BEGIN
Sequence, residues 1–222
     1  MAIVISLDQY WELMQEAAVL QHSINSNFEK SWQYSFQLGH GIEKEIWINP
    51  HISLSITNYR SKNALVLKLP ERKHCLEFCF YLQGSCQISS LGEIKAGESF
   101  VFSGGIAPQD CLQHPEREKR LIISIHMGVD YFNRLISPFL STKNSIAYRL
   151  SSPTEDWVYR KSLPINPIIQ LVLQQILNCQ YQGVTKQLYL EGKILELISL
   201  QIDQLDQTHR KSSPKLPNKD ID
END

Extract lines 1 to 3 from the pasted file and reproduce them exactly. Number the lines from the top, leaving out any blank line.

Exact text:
Sequence, residues 1–222
     1  MAIVISLDQY WELMQEAAVL QHSINSNFEK SWQYSFQLGH GIEKEIWINP
    51  HISLSITNYR SKNALVLKLP ERKHCLEFCF YLQGSCQISS LGEIKAGESF